Overall this is encouraging, suggesting that some modeling centers are now able to resolve atmospheric blocking in a reasonable way. Nonetheless, it must be kept in mind that even if for CMIP5 there has been a large increase of the number of models available (22 for AMIP5 and 29 for CMIP5), many of them share significant portions of their codes or even use the same atmospheric model. For instance, it should be remarked that within the nine models with a minor bias over the Euro-Atlantic (i.e., with a bias smaller than 20%) five run the ECHAM5 atmospheric model (CMCC-CM, CMCC-CMS, MPI-ESM-LR, MPI-ESM-MR, and MPI-ESM-P). The other four models within this group are HadGEM2-CC and ACCESS1.0 (both running a version of the atmospheric component of the Met Office Unified Model), EC-EARTH, and MIROC5.

b. Blocking event duration

The introduction of the spatial and temporal constraints presented in section 2 leads to the definition of blocking event duration over both the Euro-Atlantic and Pacific sectors. As done in D’Andrea et al. (1996, 1998), the analysis of duration involves the full year and not only the winter season.

D’Andrea et al. (1998) described the exponential shape of the distribution of blocking duration and explained it as a sign of the fact that blocking decay is a memoryless process, similar to a random walk. In other words, the probability of blocking of surviving from day n to day n + 1 is not depending on n. The exponential distribution of duration has been observed also in more recent coupled GCMs (e.g., Vial and Osborn 2012).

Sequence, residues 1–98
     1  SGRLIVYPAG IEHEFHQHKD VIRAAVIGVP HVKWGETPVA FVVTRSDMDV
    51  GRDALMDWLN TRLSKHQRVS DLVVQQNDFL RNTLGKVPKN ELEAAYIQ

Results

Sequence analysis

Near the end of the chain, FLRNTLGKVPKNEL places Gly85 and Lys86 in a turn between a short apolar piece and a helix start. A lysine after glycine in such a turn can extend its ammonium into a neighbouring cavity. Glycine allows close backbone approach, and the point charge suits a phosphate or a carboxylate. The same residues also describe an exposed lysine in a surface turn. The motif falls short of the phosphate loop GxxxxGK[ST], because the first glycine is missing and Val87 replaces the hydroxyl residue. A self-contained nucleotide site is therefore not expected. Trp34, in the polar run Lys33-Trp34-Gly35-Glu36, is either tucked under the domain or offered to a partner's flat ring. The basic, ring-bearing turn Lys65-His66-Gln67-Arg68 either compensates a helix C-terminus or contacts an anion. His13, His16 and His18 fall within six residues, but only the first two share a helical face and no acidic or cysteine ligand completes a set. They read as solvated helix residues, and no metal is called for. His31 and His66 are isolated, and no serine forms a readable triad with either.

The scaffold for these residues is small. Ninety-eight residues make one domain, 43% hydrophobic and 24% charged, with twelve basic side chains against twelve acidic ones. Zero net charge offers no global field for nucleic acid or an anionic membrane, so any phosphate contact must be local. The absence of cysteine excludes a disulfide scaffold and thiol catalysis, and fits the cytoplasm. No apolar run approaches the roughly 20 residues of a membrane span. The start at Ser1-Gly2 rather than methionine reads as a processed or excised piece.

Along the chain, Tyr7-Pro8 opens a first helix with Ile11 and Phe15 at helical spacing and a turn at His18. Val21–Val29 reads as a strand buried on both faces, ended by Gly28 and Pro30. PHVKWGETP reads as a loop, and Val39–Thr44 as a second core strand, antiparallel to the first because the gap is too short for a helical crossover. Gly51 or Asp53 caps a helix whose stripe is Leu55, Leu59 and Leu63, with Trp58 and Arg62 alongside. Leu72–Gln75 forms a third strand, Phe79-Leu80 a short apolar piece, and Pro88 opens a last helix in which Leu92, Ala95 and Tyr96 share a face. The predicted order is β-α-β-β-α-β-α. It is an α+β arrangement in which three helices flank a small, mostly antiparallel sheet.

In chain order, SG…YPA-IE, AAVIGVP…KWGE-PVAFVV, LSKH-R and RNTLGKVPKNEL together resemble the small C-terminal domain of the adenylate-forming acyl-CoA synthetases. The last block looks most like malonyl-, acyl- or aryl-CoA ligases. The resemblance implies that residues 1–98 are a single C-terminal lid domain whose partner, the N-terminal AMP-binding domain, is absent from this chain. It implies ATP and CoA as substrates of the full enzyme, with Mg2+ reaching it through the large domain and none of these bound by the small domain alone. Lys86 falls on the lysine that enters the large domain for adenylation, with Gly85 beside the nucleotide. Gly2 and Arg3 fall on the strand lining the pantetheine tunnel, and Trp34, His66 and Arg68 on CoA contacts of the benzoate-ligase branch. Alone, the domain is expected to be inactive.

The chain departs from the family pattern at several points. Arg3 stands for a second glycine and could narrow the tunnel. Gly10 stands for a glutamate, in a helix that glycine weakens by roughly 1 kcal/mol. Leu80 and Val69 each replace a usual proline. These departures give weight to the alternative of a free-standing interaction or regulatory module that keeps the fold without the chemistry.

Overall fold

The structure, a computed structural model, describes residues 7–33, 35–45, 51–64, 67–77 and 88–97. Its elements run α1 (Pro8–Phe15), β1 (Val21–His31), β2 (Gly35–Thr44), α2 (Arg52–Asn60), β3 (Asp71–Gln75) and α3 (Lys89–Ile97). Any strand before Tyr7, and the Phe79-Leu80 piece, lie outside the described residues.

To be more precise, one should however speak of geometric distribution (i.e., the discrete form of the exponential). This is also a one-parameter distribution in which the mean μ and standard deviation σ are linked by the relation σ = [μ(μ + 1)]1/2. In our case, because of the 5-day minimum requirement for duration, the relation between mean and standard deviation is slightly shifted and becomes exactly equal to σ = [(μ − 4)(μ − 5)]1/2 (see the discussion in the appendix). This is confirmed in Fig. 5 where all the models approximately follow the theoretical ratio between mean and standard deviation (shown by the red line). Although Masato et al. (2009) showed a deviation from this simple model for long-lasting events, the geometric distribution remains a reasonable approximation to describe the distribution of blocking duration.